However, can we ever truly understand the mindset of our ancient predecessors? Yes, the historical record does show us that human beings have been stubbornly consistent in their flaws and failings from the beginning, with, sadly, little and rather slow evolution in morals and behaviors over time. How do we know that what actually happened wasn't a regression-that our ancestors were morally, ethically, and intellectually superior, and might have responded to a G"d who merely reasoned instead of utilized violence? In fact, maybe if the human race were to speak to its therapist, that therapist might suggest that the very violent ways of its G"d during humankind's childhood are the source of their own violent tendencies as adults. G"d as toxic parent. Maybe we weren't so badly behaved after all, but, for whatever reason, we weren't living up to what "G"d/Daddy Dearest" wanted, and G"d felt the constant need to punish us, put us down, abuse us. So maybe the way we are today is not because our ancestors were like us, but because G"d treated our ancestors abusively and we are the adult children of abused children. (If I were crazy like L. Ron Hubbard, I might consider creating a religion out of this idea, sort of like a 12-step group - "Adult Children of G"d." ACOG. Has a nice ring to it.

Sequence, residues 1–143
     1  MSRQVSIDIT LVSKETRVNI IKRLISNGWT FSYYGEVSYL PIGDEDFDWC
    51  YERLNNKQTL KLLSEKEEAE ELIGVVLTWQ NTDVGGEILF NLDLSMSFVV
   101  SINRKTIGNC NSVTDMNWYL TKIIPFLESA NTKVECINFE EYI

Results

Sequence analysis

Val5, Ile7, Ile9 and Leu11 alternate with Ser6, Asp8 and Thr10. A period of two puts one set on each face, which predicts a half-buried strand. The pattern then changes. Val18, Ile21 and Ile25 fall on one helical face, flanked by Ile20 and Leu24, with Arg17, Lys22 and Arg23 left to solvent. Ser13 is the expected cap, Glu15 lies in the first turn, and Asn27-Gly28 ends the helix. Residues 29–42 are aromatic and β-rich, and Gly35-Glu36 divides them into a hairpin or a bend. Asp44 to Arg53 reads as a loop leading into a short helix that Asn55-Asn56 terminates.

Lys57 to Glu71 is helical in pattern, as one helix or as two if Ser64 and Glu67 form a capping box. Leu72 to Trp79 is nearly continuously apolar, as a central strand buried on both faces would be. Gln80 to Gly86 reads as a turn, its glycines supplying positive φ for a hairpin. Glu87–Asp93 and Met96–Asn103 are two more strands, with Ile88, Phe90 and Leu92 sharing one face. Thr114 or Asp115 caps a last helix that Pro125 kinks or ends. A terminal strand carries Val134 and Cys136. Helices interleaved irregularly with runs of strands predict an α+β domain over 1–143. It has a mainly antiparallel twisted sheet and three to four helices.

Maybe the Torah is not the record of how we really were in biblical times, but G"d's record, as the abusing parent, of how we were. Time to write our own recollection? Oh wait, we've been doing that all along. The oral Torah, the Talmud, the midrashim, the commentaries, the tshuvot (responsa) - are they not attempts to otherwise correct, amend, or explain the Torah? It's a theory I've not considered before-that the inconsistencies in Torah exist because our collective recollection as a race is different from the recollections attributed to us in the Torah.
Now there are all sorts of holes in this argument. If we accept human authorship of Torah, we have a problem. (If we accept Divinely-inspired human authorship, then we can at least accept that G"d inspired the authors to be less than frank and write G"d's own agenda, G"d's own messed-up view as an addict, abuser, and toxic parent.)
So here I am, stuck with competing understandings -the practical and the fantasy. As Judaism is, indeed, focused on the here and now, I supposed my efforts are better spent trying to work in the worlds as it is, striving to make it a better place, rather than pining for a world which does not (yet) exist.
Though The Torah shows us how people can be faithful to G"d for all the wrong reasons, I can seek better reasons to be faithful. I can have my vision of what olam haba could be, and try, each and every Shabbat, to get that little forshpeis, that taste, of what a world without violence on anyone's part, including G"d's, might be like.
So that's how I can be thankful for even the worst of what Torah has to offer. That's how I can turn being thankful for all the wrong reasons into being thankful for all the right reasons.
© 2012 by Adrian A. Durlester